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The The West is the Best Issue

Juvenile Hell

Exploring the adults that refuse to grow up.
December 1, 2003, 12:00am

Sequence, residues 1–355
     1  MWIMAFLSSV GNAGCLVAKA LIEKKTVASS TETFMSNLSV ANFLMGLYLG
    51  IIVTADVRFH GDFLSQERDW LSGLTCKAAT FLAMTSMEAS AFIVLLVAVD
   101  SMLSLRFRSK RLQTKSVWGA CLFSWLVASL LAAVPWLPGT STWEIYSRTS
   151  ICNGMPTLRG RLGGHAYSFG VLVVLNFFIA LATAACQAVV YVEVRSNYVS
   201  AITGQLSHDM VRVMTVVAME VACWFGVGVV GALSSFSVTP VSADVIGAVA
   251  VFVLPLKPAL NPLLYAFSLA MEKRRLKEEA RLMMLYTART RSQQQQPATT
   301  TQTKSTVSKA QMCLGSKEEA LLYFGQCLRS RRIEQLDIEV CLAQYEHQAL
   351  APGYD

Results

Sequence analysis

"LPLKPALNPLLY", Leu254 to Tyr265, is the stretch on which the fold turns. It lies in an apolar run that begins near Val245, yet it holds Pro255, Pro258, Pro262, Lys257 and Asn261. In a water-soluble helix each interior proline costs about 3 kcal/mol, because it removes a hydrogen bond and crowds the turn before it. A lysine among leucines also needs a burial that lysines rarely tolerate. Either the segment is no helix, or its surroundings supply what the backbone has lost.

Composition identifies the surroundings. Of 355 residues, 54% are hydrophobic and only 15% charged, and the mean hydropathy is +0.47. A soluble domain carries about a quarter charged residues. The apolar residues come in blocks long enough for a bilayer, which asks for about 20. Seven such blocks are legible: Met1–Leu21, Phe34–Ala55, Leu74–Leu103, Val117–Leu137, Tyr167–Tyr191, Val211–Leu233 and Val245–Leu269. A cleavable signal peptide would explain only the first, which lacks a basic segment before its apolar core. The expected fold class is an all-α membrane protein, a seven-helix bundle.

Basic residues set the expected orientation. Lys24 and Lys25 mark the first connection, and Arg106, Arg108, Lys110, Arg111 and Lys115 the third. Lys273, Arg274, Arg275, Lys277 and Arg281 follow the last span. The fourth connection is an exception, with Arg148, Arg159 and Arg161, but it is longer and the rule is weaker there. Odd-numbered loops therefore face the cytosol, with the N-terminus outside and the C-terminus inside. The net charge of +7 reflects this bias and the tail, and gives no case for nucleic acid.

“This is Chi after he disappeared into Lucien’s sister’s room to pass out. When I took the picture, the flash woke him up and he gave me the finger, but I was laughing too hard to get it.” Photo by Tim Barber. Next time one of your friends says to you, “Why do I keep dating assholes?” you can tell her, “Your dad was a huge asshole who was incapable of showing love. You keep dating these douche bags hoping that you can make them love you, thus repairing the lifelong wound your father inflicted upon you.” Then, very quickly say “NEXT!” in a mean-spirited way and wave your hand in a “get out of here”-type gesture. This implies that you were able to easily decipher the core of her destructive behavior in a matter of seconds, despite the fact that your pathetic friend has been unable to develop insight into the cycle she‘s been stuck in for almost 25 years now. It’s called “Cyclical Maladaptive Patterns,” bitch. The reason your friend can’t see the error in her ways is that creating Cyclical Maladaptive Patterns is generally an unconscious phenomenon. The more outrageous the repeated pattern, the more pain there is underneath. On a small scale, we have the parent who tries mercilessly to look cool in front of his kid’s friends, the dad who tells vagina jokes and lets you put chocolate milk in your cereal (“I wasn’t popular when I was eleven, but I just know I can do it now”). Further along on the pathology ladder are adults with diaper fetishes who like to be pissed on, and at the very top of the creepy pyramid, we have “Littles.” These adult men (not to be confused with the rapper of the same name) and women have created fully integrated childlike alter egos, like a homemade multiple personality disorder. They talk, dress, and play just like children. They have stuffed-animal collections and love rainbows. Their names are always “young” sounding, as if every child in the world between the ages of four and ten were named Davey or Molly. When taking on this other persona, a Little will only respond to their inner-child name and thank the adult persona (themselves) for “letting me come out and play.” Littles have created a complete sub-society, with their own meetings, literature, and websites. Littles deliberately misspell everything and love using words like “oopsy,” although I’m still not sure why they all write as if they were learning-disabled. Last time I checked, most nine-year-olds knew that “Mommy” ends in a Y. If I created a Little, I’d make him as smart as I am now, that way all the other Littles would think he was a prodigy. What makes a paunchy 42-year-old computer operator spend half of his adult life as “Petey”, a pesky five-year-old with a penchant for “causin’ trouble and givin’ hugs”? I suppose the answer is obvious. Something went horribly amiss 37 years ago, and now it’s Petey’s job to make sure childhood is less cruel this time around. In many ways, it’s a healthy defense mechanism. The majority of Littles are survivors of incest, arguably the most arduous trauma a human can endure. We all have our own defenses that protect us against getting hurt: We use humor, we get wasted, we sabotage relationships. The common thread here is that, in performing these defenses, we usually hurt ourselves. That’s why some have argued that creating an alter ego is the purest and most advanced defense possible, because it’s not really the self that gets hurt. All defense mechanisms push us deeper and deeper into our psyche, so if a damaged adult can transfer feelings of pain and loss to an alter ego and then shift back when need be, I say go for it. Besides, my name is Bobby, so what right do I have to talk shit? BOBBY RICHARDS